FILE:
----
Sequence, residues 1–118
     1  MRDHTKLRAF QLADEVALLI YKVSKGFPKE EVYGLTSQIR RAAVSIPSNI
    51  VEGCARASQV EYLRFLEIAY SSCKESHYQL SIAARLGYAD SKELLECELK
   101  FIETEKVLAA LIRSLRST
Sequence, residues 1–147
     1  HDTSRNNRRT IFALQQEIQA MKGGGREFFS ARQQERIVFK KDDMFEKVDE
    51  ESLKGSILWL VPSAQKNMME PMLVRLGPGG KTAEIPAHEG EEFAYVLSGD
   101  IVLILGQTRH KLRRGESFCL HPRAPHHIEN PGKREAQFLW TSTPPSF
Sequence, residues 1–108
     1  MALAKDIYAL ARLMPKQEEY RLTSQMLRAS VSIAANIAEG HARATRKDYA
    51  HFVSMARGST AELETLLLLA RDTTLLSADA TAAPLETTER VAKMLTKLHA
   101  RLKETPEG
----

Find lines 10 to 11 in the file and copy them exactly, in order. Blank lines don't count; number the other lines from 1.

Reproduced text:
     1  MALAKDIYAL ARLMPKQEEY RLTSQMLRAS VSIAANIAEG HARATRKDYA
    51  HFVSMARGST AELETLLLLA RDTTLLSADA TAAPLETTER VAKMLTKLHA